This Folio Life: Stepping Back in Time for a Modern Binding
Raquel Leis Allion has been Art Director at the Folio Society for nearly four years. It’s her to job to commission illustrators and that means knowing each book inside out. Raquel also designs the bindings, as well as selecting the typography and materials for each edition.
“At Folio, we’re always looking for innovative design and production processes to ensure each edition is unique and exciting. This can mean employing cutting-edge technology but we’re just as likely to work with artisan craftspeople and use traditional materials and techniques. Every book binding is the result of a meticulous creative process and each has a fascinating story to tell: the distinctive binding for the recently published Empire: How Britain Made the Modern World is no exception.
“Peter Chasseaud is an artist and writer who is also the proprietor of the Tom Paine Printing Press in Lewes, Sussex. Established in 2009, this small high-street press is a non-profit educational organisation and is based around a working wooden ‘common press’; the type used to print pamphlets and books in the 18th century.
Keeping traditional methods alive
“Over the years, Peter has built up an interesting and varied collection of metal type – the moveable metal characters that were used in traditional typesetting. His collection also includes an on-site printing press which is very much in use, transforming the work of local artists and writers to printed pages.
“I have visited the press various times over the years when staying with friends in Lewes so I knew about the important work that Peter did to ensure traditional print techniques aren’t consigned to history books and museums. When the Empire project was first discussed at Folio, one of the ideas for the binding design was to base it loosely on Victorian war propaganda posters and leaflets, like the poster shown below. Naturally, Peter immediately came to mind.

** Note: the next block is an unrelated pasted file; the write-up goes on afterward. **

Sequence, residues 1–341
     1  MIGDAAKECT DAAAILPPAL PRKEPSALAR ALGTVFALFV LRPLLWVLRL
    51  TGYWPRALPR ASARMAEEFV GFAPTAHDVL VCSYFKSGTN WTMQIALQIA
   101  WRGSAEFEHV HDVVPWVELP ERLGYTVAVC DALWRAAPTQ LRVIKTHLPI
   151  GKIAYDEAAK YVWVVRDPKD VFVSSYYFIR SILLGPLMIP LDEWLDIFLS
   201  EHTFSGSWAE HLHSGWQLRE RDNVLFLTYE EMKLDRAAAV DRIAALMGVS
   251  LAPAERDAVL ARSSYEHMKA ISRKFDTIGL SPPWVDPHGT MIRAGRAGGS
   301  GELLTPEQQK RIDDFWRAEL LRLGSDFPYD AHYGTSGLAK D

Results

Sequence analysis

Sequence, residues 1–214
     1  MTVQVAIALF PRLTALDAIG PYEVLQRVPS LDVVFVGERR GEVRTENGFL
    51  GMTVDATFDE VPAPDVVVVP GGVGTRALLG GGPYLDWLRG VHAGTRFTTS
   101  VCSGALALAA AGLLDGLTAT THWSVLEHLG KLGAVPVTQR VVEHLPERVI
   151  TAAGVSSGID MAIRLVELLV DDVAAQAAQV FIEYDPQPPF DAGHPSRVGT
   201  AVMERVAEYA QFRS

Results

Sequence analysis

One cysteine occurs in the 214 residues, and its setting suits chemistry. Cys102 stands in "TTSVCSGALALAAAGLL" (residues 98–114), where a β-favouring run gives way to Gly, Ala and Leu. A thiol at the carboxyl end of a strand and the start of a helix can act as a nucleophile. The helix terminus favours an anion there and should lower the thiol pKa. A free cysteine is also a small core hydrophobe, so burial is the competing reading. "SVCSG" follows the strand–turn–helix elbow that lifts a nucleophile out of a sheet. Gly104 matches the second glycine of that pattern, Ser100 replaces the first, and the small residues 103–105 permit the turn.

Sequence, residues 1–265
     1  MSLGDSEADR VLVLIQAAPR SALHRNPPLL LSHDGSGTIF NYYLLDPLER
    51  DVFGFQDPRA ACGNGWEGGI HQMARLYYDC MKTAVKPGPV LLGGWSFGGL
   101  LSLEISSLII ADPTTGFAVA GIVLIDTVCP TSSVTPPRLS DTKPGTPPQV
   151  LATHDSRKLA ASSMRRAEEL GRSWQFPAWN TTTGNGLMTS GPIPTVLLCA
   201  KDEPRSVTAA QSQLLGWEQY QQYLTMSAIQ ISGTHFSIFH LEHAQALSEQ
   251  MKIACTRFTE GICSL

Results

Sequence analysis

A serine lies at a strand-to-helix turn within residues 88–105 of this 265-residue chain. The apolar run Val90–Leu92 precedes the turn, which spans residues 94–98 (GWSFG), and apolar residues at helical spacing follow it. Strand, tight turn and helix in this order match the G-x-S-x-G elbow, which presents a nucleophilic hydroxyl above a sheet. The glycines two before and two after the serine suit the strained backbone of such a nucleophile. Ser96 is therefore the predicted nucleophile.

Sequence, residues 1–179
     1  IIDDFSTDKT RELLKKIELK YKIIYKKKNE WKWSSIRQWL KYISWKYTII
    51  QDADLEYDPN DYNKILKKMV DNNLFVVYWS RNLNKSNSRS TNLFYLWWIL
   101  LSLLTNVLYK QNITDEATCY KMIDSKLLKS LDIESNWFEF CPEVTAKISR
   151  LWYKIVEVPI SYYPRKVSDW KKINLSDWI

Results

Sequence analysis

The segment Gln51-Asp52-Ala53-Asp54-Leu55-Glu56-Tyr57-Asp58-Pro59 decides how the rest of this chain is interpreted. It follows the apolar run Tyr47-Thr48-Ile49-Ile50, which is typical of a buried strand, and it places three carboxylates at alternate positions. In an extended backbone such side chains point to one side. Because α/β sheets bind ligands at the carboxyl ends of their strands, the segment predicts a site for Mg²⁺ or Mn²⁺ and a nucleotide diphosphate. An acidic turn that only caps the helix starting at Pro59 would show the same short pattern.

Typefaces through time
“Once the book was underway, I travelled to Lewes and Peter showed me various typefaces and ornaments, as we tried different ways of laying out the design for the binding. After a lot of adding and taking away, we found the perfect layout.
“You can see the metal type that we chose for the binding label below. In order to lay out the design, type is transferred to a metal frame called a ‘chase’ and then the type is locked-in with wooden sticks called ‘furniture’ and with wedges called ‘quoins’. A chase that is complete with locked-in type and is ready for printing is known as a ‘forme’.
The finished binding
“We chose Zerkall Mould Made paper for the binding labels; a paper which takes the letterpress impression beautifully. The spine design was achieved through blocking in foil, with the red Empire title reversed out of a white panel, then over-blocked in black. We’re thrilled with the finished binding and I believe its authentic historical design was only achievable by returning to traditional methods and utilising Peter’s knowledge and skills.”